“Being small, we are able to offer a level of value, service and flexibility that is not possible with mass-produced or overseas production.” —Skip Are, Project ARE Action Outfitters
When it comes to outfitting your next 1:6 scale custom figure with good ol’ civilian “basics” (i.e. t-shirts, shorts, shirts, pants, coats, etc.) that are affordable, available in a variety of colors and styles, and are expertly sewn and readily available, one name and number should immediately leap to the top of your speed-dial: Project ARE.
If you’re a collector or (even better), a customizer of 1:6 scale, we’re probably already preaching to the choir. But if for some reason you’ve never seen the work of uber-talented seamstress Robin Are and her ever helpful husband Skip Are, then listen up my friend; because we’re about to provide you with some VERY valuable “insider intel.” We contacted Skip at home recently and he kindly consented to the following exclusive interview. Herrrrrrre’s Skip!
TJR: Before we begin, I just wanted to tell you tell you how BIG a fan I am of Project ARE, and of Robin’s and your work and contributions to the 1:6 scale collecting community. I’ve purchased a few of your scuba suits and t-shirts and I absolutely LOVE the fit and quality!
“Thanks. And it’s good to hear from you again, Mark.“
TJR: I know you’ve been a GIjOE fan and collector since 1964 and that your wife, Robin, was in the Navy and has been sewing clothing and accessories for 12″ action figures since 1996. But could you remind our readers about “the early days” and your connections to Adventure Gear? I have to admit I’m a little “late to the party” on that subject. Who did what for whom?
“Robin and I started making a few things in the mid-90’s, before we had ever met Tom Calhoun. Things like sandbags, T-shirts, shorts, that sort of thing, and we sold them at local toy shows. There were a few military customizers at the time, but no one was making civilian type clothing. Then I ‘met’ Tom through the old Sandbox, and we starting discussing having a website to sell stuff. Tom made suggestions of product, and we did what we could to make them.”
“Then Tom established Adventure Gear and we made the items for him. He accepted the orders, and we filled them from here. Robin did all the design work and all the sewing, and we did 3 shows with Tom. Things were really growing for us all, and we even produced a couple of sets for the Sandbox, the ‘Sandstorm Rescue’ set and the ‘Return to Spy Island ‘set.”
TJR: Sounds like a very successful beginning for any 1:6 business. What else did you work on?
“Well, we had flocked Cots action figures for sale LONG before it became common to have figures flocked. And we carried lots of accessories too. We even did some commercial work for Burton Snowboards and Trinity Communications. Oh! We were also featured on the back of ‘Outdoors Magazine’ once!“
TJR: Outstanding. What happened next?
“Well, after a couple of years, Tom found someone in Charlotte who could arrange to have things sewn in China. So…he decided at that point that some of our more popular items could be made there. We went our separate ways, and Tom continued on with Adventure Gear, having items that Robin had designed sent to China to be copied, and also sending more original AT items there as well. He was selling stuff up until a couple of years ago, but I have no idea whether he is anymore.“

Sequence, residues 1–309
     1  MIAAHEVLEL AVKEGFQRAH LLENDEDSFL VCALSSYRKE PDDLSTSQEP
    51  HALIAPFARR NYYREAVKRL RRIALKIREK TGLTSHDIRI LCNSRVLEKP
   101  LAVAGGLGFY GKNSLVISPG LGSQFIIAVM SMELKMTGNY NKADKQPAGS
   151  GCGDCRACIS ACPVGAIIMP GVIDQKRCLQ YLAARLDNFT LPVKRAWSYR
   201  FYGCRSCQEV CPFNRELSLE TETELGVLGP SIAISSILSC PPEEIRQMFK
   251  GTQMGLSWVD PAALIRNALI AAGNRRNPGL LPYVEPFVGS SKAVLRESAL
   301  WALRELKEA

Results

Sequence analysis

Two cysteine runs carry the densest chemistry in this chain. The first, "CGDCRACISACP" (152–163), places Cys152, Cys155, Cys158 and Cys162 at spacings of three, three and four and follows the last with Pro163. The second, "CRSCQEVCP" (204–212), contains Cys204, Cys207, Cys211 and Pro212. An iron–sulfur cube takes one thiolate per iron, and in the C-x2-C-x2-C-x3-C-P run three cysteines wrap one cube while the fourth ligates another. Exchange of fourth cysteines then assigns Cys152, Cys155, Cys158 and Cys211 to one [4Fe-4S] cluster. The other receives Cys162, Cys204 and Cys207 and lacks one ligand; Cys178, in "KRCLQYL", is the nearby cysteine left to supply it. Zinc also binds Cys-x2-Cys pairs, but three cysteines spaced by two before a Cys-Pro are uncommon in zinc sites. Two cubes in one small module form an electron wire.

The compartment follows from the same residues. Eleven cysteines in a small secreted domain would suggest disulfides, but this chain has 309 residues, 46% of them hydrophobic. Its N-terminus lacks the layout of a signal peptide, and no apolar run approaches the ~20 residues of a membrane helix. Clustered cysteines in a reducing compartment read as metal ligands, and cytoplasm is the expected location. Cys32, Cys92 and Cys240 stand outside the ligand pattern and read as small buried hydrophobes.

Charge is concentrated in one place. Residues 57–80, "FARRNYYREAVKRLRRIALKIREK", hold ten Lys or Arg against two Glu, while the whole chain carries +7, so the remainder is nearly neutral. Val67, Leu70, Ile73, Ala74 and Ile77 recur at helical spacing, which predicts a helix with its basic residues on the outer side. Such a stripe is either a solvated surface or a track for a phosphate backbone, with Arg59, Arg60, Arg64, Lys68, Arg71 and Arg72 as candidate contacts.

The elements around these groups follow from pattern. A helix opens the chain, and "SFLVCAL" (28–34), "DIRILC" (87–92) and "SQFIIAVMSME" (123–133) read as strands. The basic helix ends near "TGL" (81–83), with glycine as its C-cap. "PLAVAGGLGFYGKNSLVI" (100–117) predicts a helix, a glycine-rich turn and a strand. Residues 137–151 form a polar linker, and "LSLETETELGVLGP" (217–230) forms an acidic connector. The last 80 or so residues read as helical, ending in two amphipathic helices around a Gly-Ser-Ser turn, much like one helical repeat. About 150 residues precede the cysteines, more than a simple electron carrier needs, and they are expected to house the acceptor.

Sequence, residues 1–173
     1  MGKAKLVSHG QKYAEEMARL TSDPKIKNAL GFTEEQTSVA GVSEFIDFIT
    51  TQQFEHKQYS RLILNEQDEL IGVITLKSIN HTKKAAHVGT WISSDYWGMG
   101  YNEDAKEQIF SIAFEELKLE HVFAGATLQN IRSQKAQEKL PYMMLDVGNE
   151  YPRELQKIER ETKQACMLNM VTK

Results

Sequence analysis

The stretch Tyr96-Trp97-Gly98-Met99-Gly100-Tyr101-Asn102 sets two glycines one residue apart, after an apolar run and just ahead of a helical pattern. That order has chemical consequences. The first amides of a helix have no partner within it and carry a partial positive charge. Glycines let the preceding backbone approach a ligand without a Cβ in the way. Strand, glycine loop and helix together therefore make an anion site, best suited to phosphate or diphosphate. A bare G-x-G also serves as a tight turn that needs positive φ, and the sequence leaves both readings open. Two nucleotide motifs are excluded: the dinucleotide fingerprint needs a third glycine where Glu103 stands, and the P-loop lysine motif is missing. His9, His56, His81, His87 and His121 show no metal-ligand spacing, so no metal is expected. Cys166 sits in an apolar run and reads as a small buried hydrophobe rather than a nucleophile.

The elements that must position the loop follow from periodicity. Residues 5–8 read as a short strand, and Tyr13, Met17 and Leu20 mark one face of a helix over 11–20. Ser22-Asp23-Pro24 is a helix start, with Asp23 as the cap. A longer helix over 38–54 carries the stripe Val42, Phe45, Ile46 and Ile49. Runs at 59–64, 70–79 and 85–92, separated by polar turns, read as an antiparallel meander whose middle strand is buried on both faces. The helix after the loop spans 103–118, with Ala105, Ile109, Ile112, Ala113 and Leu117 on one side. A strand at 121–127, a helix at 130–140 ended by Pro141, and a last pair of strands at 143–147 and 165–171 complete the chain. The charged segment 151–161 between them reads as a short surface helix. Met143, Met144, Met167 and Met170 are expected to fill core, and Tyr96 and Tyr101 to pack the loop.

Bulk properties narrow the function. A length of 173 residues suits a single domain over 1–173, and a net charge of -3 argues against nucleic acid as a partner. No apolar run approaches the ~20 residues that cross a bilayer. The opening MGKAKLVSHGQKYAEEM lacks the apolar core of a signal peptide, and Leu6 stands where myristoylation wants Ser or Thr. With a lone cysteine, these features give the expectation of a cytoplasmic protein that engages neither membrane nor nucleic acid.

TJR: I see. So, is that when you and Robin decided to form your own company?
“Yes, we took about a 6-month hiatus after the split while we decided what to do, and finally started “Project ARE Action Outfitters” to continue producing many of the items we had done before, plus some new things that we wanted to make that Tom had no interest in. That was in 2001. We also did some custom work for the likes of Fred Jeska, Mike Cherry, Jim Marianneti of ACES (an early customizer), and John Ivory of ‘John’s Stuff.’ We have continued to make things, dropping many items and adding some, as the tastes of our customers have changed.”
TJR: Excellent. And of course we know that you have a great, easy-to-use website (HERE). But what about Joe Cons and toy shows? Do you ever set up there as a dealer?
“We did a few conventions, then decided that it was just too much work for the two of us. We primarily use the website now.”
TJR: I see. What about Dan Dibiase? We see the figures in his elaborate dioramas wearing a lot of what appear to be your company’s clothes. Is he connected to Project ARE?
“Dan is an excellent photographer and diorama builder, and Tom gave Dan an online home to post his stories and photos on. We’ve actually made a few things for Dan a few years back, but most of the clothing you see in his photos came from Tom. So no, neither Tom nor Dan have ever worked for Project ARE.”
Bottom Line: Our sincerest thanks to Skip Are for clearing up all the questions fans have long wondered about. We want to wish him and Robin all the best in their future 1:6 endeavours. Skip sums up their outstanding 1:6 scale business this way:
“Project ARE Action Outfitters is a small company dedicated to providing quality made and unique clothing and accessories for the 1/6 scale action figure hobby. We spend a great deal of time and effort designing and making what we sell, and our goal is to offer only those items which can reflect that effort. We want to satisfy our customers, not through phony slogans or hidden agendas, but through hard work and honest effort.”